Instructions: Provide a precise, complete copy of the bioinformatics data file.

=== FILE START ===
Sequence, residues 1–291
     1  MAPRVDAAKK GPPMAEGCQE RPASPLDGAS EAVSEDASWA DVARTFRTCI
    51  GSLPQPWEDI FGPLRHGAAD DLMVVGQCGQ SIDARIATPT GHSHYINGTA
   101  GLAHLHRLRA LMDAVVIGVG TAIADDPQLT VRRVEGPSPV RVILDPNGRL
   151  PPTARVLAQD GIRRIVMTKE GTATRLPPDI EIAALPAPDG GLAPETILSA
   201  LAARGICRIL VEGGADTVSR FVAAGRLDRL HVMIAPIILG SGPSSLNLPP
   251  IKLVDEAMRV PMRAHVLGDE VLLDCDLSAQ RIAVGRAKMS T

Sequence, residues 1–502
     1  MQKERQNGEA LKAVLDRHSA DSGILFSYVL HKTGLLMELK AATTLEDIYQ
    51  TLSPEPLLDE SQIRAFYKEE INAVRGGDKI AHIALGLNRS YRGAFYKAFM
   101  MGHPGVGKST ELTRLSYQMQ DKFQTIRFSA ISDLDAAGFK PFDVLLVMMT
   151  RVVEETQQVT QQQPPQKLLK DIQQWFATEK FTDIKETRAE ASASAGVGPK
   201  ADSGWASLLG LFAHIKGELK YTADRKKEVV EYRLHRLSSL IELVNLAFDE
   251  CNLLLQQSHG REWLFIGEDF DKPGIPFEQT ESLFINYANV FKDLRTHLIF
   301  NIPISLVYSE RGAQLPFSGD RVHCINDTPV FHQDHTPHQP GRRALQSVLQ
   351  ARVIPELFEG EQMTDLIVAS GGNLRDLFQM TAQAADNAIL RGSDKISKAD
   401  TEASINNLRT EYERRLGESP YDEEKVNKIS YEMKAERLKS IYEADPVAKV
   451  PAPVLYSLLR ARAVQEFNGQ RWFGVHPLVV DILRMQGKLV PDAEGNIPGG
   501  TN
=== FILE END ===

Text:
Sequence, residues 1–291
     1  MAPRVDAAKK GPPMAEGCQE RPASPLDGAS EAVSEDASWA DVARTFRTCI
    51  GSLPQPWEDI FGPLRHGAAD DLMVVGQCGQ SIDARIATPT GHSHYINGTA
   101  GLAHLHRLRA LMDAVVIGVG TAIADDPQLT VRRVEGPSPV RVILDPNGRL
   151  PPTARVLAQD GIRRIVMTKE GTATRLPPDI EIAALPAPDG GLAPETILSA
   201  LAARGICRIL VEGGADTVSR FVAAGRLDRL HVMIAPIILG SGPSSLNLPP
   251  IKLVDEAMRV PMRAHVLGDE VLLDCDLSAQ RIAVGRAKMS T

Sequence, residues 1–502
     1  MQKERQNGEA LKAVLDRHSA DSGILFSYVL HKTGLLMELK AATTLEDIYQ
    51  TLSPEPLLDE SQIRAFYKEE INAVRGGDKI AHIALGLNRS YRGAFYKAFM
   101  MGHPGVGKST ELTRLSYQMQ DKFQTIRFSA ISDLDAAGFK PFDVLLVMMT
   151  RVVEETQQVT QQQPPQKLLK DIQQWFATEK FTDIKETRAE ASASAGVGPK
   201  ADSGWASLLG LFAHIKGELK YTADRKKEVV EYRLHRLSSL IELVNLAFDE
   251  CNLLLQQSHG REWLFIGEDF DKPGIPFEQT ESLFINYANV FKDLRTHLIF
   301  NIPISLVYSE RGAQLPFSGD RVHCINDTPV FHQDHTPHQP GRRALQSVLQ
   351  ARVIPELFEG EQMTDLIVAS GGNLRDLFQM TAQAADNAIL RGSDKISKAD
   401  TEASINNLRT EYERRLGESP YDEEKVNKIS YEMKAERLKS IYEADPVAKV
   451  PAPVLYSLLR ARAVQEFNGQ RWFGVHPLVV DILRMQGKLV PDAEGNIPGG
   501  TN